“Did you find what you were looking for?” You have likely heard this phrase uttered many times over these past few weeks during Christmas shopping forays. It’s rather ubiquitous, isn’t it? “Did you find what you were looking for?”
Most of the time, you likely answered, “Yes, thank you,” or perhaps you inquired about something you had not been able to find. And in the context of purchasing something, you probably didn’t give your answer much thought beyond the immediate transaction.
But today, on this Christmas Day, let’s consider the question again: “Did you find what you were looking for?”
On this day we once again hear the old familiar story of an unwed teenage mother-to-be named Mary and her fiancé Joseph making the trek from Nazareth to Bethlehem under orders to be enrolled from their Roman overlords. The birth of Mary’s son happens, and we hear that a messenger from God appears to shepherds who get the initial report of the birth of the Messiah. The messenger gives them a sign by which they will find the baby, and a great number of the heavenly host appear to glorify God. The shepherds decide to go check this out, and they find things just as the angel had reported to them. They found what they were looking for!
We know this story, don’t we? Even if all we know of it is hearing Linus deliver its strains in King James English as a monologue in “A Charlie Brown Christmas,” we know this story. We know the shepherds found what they were looking for: the baby Messiah, the Anointed One. What they perhaps did not know and could not fully comprehend in that moment over 2,000 years ago is what this child would mean for them – and for us.
While Luke tells us the events of Christ’s birth, in essence, answering the “What happened?” question, we are left with another question: “Why did it happen?” Why did God choose to come to us and live as one of us?
Part of the answer is found in the three short verses from today’s reading from the Letter to Titus:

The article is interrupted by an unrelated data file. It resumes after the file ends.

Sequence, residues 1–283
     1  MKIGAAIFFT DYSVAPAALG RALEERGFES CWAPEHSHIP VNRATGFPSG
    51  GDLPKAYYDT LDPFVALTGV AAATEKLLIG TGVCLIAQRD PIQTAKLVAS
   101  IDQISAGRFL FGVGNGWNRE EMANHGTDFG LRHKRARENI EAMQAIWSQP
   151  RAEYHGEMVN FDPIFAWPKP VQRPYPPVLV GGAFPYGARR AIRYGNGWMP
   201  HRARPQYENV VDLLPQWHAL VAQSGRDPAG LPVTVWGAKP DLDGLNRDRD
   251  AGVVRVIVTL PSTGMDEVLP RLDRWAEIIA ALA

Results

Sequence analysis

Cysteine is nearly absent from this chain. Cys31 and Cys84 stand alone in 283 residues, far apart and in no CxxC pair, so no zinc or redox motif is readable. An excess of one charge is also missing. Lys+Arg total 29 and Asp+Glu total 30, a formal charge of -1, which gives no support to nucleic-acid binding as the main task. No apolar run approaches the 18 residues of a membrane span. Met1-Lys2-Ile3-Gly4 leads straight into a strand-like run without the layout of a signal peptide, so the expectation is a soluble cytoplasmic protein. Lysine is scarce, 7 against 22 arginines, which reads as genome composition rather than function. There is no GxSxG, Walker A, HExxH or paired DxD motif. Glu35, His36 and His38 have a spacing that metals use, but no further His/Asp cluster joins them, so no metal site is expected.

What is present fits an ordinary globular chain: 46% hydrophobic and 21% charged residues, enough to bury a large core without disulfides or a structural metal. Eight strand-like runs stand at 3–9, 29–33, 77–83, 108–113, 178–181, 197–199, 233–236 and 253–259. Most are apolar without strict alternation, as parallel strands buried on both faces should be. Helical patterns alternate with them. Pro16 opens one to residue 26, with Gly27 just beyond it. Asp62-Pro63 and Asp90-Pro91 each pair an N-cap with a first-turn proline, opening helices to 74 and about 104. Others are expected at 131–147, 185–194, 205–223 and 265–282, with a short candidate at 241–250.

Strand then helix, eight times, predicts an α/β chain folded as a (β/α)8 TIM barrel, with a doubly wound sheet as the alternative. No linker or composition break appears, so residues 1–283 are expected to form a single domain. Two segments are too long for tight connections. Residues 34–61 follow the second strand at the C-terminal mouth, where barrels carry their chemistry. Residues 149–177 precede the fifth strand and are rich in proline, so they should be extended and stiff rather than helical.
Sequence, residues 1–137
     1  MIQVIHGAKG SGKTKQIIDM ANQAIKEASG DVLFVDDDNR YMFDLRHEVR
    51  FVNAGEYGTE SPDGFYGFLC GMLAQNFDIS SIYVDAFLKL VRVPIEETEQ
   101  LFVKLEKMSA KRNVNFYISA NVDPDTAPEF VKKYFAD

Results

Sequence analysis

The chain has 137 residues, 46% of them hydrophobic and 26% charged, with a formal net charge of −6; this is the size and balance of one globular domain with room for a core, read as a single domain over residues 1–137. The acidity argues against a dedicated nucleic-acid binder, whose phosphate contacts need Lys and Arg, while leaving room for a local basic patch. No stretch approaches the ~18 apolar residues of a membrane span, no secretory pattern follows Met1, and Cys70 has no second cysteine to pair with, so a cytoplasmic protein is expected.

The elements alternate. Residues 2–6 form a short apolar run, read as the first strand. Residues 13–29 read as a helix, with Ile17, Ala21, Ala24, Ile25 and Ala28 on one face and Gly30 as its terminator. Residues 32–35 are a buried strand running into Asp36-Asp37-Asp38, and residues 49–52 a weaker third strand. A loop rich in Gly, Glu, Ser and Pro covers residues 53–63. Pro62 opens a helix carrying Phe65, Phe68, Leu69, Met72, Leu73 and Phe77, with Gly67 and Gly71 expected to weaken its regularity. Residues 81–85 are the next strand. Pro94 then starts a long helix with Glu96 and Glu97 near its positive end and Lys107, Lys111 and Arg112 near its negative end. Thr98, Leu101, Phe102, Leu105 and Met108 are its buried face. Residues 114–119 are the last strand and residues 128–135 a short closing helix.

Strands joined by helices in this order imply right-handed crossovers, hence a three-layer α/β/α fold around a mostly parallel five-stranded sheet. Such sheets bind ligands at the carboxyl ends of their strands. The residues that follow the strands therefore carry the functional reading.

“When the goodness and loving kindness of God our Savior appeared, he saved us, not because of any works of righteousness that we had done, but according to his mercy … so that, having been justified by his grace, we might become heirs according to the hope of eternal life.”
This passage is paraphrased to clarify the point of the author: The birth of Christ happened to save us.
It happened precisely because we could not save ourselves from the mess of living life on our own terms. If we could have done so, we would have, right? But human history has proved that we can’t do it in and of ourselves. So God took the initiative and set about this saving work, not because we earned it in any way, but solely because of God’s grace.
What a radical idea this is – especially in light of our capitalistic meritocracy-based culture. We did not earn this salvation – it was freely given to us by God’s grace. Grace is that unmerited, unearned love that God has for all of creation. The letter goes on to say that this grace “justifies” us, which means it makes our relationship with God right and balanced. God initiates making the relationship with us right. Make no mistake, we have the obligation to respond to this invitation and participate in a right relationship; however, we are not the initiators of that action – God is.